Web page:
Democrat says ‘history will not be kind’ to Bill Barr for protecting Trump following Mueller memo ruling

‘Disingenuous’ former AG and DOJ misled Congress and courts, judge finds

Alex Woodward
New York
Wednesday 05 May 2021 18:31
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The US Department of Justice has been ordered to release a memo that former US Attorney General William Barr used to avoid prosecuting Donald Trump for obstruction of justice following an investigation by special counsel Robert Mueller.

US District Court Judge Amy Berman Jackson accused Mr Barr of being “disingenuous” about his assessment of Mr Mueller’s findings and found that the Justice Department’s obfuscations misled the public and Congress about the investigation

“The attorney general’s characterisation of what he’d hardly had time to skim, much less study closely, prompted an immediate reaction, as politicians and pundits took to their microphones and Twitter feeds to decry what they feared was an attempt to hide the ball,” Judge Jackson wrote in US District Court this week.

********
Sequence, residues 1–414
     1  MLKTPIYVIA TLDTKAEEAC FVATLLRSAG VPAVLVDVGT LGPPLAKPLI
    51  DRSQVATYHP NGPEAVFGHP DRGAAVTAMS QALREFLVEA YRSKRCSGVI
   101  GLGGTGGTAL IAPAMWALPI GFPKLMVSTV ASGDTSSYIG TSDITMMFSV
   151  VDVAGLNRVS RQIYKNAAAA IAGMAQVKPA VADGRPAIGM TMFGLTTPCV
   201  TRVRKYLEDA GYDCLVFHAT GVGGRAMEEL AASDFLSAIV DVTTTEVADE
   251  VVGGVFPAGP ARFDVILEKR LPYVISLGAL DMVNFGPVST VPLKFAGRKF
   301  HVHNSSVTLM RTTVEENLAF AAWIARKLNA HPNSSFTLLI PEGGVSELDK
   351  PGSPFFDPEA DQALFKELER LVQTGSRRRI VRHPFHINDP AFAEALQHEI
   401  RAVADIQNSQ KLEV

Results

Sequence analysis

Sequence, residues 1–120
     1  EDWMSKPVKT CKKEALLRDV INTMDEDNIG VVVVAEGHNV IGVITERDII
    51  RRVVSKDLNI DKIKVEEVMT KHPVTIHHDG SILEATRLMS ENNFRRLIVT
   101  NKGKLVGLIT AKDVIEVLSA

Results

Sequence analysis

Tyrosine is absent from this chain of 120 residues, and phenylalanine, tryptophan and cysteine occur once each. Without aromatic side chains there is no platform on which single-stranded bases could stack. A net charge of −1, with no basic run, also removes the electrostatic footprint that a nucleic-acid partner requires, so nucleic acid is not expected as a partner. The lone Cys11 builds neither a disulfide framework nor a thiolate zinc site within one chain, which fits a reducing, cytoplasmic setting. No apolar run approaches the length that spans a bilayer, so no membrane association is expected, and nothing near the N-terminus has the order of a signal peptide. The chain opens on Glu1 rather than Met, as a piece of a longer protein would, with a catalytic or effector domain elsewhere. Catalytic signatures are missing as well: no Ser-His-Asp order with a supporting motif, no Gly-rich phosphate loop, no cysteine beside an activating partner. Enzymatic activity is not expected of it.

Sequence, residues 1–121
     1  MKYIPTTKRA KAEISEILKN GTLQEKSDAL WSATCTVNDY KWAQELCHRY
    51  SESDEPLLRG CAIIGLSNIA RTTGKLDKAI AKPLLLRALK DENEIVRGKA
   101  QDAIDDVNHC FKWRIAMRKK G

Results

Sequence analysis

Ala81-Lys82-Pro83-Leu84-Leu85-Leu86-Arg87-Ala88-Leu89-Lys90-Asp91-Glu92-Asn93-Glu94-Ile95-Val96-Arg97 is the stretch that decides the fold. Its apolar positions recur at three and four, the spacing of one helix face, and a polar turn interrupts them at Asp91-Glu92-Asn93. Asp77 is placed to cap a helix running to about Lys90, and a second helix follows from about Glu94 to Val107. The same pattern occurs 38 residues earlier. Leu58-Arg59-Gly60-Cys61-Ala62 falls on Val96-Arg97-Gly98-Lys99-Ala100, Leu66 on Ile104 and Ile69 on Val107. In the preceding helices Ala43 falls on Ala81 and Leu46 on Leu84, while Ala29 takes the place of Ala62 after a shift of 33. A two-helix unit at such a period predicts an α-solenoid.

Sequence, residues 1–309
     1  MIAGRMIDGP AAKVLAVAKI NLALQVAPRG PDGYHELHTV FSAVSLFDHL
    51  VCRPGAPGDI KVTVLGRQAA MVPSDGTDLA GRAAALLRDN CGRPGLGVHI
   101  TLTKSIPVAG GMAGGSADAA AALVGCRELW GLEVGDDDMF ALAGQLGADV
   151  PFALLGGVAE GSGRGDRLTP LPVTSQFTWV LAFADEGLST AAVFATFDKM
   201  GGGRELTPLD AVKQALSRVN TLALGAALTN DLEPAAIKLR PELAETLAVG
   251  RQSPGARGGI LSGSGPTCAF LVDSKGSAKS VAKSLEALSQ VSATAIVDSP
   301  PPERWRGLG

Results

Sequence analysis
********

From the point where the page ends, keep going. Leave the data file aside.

The opinion followed a Freedom of Information Act lawsuit from watchdog group Citizens for Responsibility and Ethics in Washington.

US Rep Ted Lieu, a Democratic member of the House Judiciary Committee, said that “history will not be kind” to the former attorney general.

The Justice Department argued that the memo is subject to client privilege and should not be made public, as it constitutes legal advice provided to Mr Barr about the former president.

Judge Jackson flatly rejected the argument, writing that not only was Mr Barr “being disingenuous then” but also that the department “has been disingenuous to this Court with respect to the existence of a decision-making process that should be shielded by the deliberative process privilege.”

“The Mueller team chickened out,” Mr Lieu said on Twitter on Tuesday. “Congress needs to see the full unredacted Mueller report.”

He also added that “Don McGahan still needs to testify,” referring to the former White House counsel who was allegedly ordered to fire Mr Mueller in 2017, according to the report.

The report was submitted in April 2019 and assessed a dozen potential instances of obstruction related to officials with the Trump campaign and their ties to the Russian government. The report “did not establish” that Mr Trump himself committed a crime, but it also “does not exonerate him.”

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